The new seven element optical design features an aspherical glass piece to guarantee sharper files around the frame, specially on digital full frame bodies around the corners. And the f/1.8G gained Nikon Integrated Coating on every glass element, raising its contrast and colour saturation compared to the f/1.8D. Depending on the post processing, you can compare both lenses performance. But wide open on modern sensors, the choice is clear: the new 50mm f/1.8G deserves a place on your kit. All photos taken with the Nikon FX D800E.
At f/1.8 I had huge trouble focusing this lens. I don’t know if it was a photographer error (it was my first weekend with the D800E), a phase detection limitation (no manufacturer guarantees precise results under f/2), or its cheap design. The fact is few photos allowed me to check if its sharpness is good or not. On static, non-tridimensional subjects, yes, the sharpness is great. But as the DoF is too shallow wide open, the chances of blooming occurring with the lack of detailing is high.
Stopping down to f/2.8 and the story is different. The resolution increases exponentially and even tridimensional subjects, like buildings photographed from the street, render impressive detail levels. With so much resolution it is expected to see every brick or leaf on urban scenes. But what really shines is the contrast levels, high on straight lines, with no weird colours or light leaks. It is clear the new glass treatment works, as the f/1.8D or Ai-S 50mm f/1.2 get this sharp only after f/4.
F/3.2 and up, and the difference is merely at the DoF, naturally shallow at 50mm on full frame bodies. Stop it down to really get sharp shots on street photos. The smaller aperture I used was the f/8 to keep diffraction from ruining my shots, and the results are excellent. It’s a modern prime made to be used with high MP sensors, like the 36MP FX or 24MP DX. I don’t remember seeing a great advantage on the 50mm f/1.4 files, although I never tested them side-by-side.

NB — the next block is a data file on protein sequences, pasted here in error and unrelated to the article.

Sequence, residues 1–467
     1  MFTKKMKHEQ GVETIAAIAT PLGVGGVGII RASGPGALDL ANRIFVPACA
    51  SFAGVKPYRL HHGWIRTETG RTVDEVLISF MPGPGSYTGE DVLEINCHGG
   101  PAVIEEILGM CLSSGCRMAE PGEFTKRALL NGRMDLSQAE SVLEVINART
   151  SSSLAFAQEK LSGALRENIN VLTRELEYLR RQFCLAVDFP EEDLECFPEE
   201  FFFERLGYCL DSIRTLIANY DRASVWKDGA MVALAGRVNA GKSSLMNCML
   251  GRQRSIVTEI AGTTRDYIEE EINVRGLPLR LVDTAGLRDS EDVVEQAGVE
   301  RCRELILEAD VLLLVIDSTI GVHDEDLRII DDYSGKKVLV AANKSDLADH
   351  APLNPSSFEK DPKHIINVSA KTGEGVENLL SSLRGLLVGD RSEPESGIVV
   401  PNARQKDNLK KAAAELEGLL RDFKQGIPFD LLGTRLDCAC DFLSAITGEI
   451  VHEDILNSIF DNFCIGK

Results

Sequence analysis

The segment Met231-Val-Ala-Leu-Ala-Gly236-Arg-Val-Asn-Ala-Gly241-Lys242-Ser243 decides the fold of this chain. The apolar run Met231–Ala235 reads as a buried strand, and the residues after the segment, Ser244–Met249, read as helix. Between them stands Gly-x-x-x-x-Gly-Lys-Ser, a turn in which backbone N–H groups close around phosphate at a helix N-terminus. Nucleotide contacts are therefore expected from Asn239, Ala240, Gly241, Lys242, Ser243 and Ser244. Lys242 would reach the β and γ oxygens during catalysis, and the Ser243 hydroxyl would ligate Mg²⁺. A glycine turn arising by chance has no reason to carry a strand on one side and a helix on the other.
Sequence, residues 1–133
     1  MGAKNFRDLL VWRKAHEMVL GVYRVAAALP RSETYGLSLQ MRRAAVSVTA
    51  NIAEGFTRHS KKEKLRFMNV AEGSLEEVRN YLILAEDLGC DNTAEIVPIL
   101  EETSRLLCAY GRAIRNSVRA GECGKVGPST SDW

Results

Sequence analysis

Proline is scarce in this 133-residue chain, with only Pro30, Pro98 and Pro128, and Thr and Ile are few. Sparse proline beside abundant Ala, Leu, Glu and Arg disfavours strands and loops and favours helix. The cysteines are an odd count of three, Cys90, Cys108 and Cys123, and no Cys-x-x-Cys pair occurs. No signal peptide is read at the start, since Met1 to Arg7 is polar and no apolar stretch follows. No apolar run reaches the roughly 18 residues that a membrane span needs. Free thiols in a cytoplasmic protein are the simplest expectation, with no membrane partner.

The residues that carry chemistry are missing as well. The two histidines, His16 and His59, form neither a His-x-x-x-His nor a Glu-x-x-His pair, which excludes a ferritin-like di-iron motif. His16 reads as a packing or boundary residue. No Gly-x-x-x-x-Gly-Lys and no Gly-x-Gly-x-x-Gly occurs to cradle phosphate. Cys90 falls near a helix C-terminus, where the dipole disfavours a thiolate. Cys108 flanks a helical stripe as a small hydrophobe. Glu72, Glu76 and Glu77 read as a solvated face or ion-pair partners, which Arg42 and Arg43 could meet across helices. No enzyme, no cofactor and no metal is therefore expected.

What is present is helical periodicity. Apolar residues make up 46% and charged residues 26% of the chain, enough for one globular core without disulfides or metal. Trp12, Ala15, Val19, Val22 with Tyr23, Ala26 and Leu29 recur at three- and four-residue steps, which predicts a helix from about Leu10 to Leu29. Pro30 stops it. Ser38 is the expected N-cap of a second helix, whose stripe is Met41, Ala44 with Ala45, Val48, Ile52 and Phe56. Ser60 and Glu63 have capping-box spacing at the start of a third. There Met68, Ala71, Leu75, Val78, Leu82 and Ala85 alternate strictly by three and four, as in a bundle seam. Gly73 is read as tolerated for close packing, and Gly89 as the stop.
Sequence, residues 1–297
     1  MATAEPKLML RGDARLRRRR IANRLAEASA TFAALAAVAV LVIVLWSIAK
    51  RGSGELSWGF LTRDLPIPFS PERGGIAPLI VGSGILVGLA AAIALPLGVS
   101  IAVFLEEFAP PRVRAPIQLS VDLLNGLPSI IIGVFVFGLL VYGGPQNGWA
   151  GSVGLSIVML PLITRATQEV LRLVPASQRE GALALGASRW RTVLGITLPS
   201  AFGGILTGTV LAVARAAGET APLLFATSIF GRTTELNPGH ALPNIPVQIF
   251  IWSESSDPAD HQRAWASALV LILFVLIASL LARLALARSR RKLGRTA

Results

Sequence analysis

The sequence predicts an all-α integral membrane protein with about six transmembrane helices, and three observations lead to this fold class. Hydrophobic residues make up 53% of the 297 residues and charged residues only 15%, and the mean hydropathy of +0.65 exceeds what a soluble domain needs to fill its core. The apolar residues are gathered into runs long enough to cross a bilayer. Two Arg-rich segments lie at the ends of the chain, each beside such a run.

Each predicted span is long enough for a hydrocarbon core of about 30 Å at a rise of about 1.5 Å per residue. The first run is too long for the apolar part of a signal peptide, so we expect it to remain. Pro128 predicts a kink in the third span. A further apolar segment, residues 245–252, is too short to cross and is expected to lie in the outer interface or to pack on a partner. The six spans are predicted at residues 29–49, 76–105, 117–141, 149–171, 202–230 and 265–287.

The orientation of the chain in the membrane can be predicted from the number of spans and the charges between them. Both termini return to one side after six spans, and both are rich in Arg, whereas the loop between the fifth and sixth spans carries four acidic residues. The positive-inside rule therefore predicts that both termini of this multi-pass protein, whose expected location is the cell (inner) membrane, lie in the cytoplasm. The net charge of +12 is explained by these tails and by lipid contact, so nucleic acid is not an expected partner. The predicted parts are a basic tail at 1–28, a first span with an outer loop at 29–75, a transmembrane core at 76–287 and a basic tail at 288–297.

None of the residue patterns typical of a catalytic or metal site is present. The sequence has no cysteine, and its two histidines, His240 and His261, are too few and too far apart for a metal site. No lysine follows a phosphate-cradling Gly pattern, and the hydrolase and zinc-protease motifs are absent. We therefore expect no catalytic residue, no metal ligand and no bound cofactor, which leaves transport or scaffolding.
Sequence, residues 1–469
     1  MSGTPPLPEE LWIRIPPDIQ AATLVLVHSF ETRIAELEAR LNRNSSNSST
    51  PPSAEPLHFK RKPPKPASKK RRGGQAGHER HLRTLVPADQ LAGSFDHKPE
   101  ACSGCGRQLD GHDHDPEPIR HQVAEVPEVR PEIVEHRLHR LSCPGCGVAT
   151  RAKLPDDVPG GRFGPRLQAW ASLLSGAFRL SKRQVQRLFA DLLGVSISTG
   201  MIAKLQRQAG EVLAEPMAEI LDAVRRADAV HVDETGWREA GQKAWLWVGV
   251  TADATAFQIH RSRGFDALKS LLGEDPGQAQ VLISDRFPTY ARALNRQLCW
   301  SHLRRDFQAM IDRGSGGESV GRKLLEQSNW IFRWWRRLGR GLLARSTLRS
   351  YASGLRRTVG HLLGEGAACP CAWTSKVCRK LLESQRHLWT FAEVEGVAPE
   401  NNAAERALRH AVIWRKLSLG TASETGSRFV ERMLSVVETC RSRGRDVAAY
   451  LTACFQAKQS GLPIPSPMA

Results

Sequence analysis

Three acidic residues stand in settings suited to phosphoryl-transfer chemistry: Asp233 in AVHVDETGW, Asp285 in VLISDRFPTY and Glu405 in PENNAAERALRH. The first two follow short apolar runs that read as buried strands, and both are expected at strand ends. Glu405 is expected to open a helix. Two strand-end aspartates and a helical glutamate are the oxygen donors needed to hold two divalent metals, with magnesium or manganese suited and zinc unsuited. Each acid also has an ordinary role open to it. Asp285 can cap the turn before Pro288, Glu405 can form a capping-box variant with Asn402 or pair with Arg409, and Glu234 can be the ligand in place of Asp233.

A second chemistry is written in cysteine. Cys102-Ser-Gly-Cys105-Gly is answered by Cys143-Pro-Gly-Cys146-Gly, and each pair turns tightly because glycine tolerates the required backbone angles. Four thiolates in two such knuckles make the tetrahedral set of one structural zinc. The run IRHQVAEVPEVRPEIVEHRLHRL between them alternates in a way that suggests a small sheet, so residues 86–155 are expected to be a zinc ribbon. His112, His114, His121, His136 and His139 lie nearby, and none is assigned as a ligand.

Chromatic aberrations are well controlled wide open, and by night shots I rarely see any weird colouring on OOF points. Just some end of the day shots, during dawn, I saw some secondary purple CA on contrast areas. But they are difficult to spot on everyday photos and are certainly better corrected than ever larger aperture lenses. This is another f/1.8 appeal: smaller aperture, less glass. So large aperture issues are better controlled, not showing on files.
Colours and bokeh are the biggest reason I question why this lens doesn’t get better attention from the market. They are both spectacular! The bokeh is years ahead of Canon’s and Sony’s DT 50mm f/1.8; rivalled only by the very expensive Sony FE 55mm f/1.8 ZA. It’s very colourful and smooth, closer to the Canon EF 50mm f/1.2L than any other lens. But here we’re talking about an entre level lens, with fewer elements and simpler project. It’s the same as the excellent AF-S 85mm f/1.8G.
Nikon is updating its lenses to deliver what the photographers want: shallow DoF pictures with smooth bokeh. And the AF-S 50mm f/1.8G is a great starting point for my experience with the D800E, contributing for my long investment on this brand. It’s inevitable to compare most of their lenses with Canon’s, uncovering its shortcomings for the lack of innovation. EF lenses are stopped in time, with models dating over two decades! But Nikkor didn’t, updating most of its lineup, and the f/1.8G is what we should expect (or demand) from other brands, from now on. Wake up, Canon!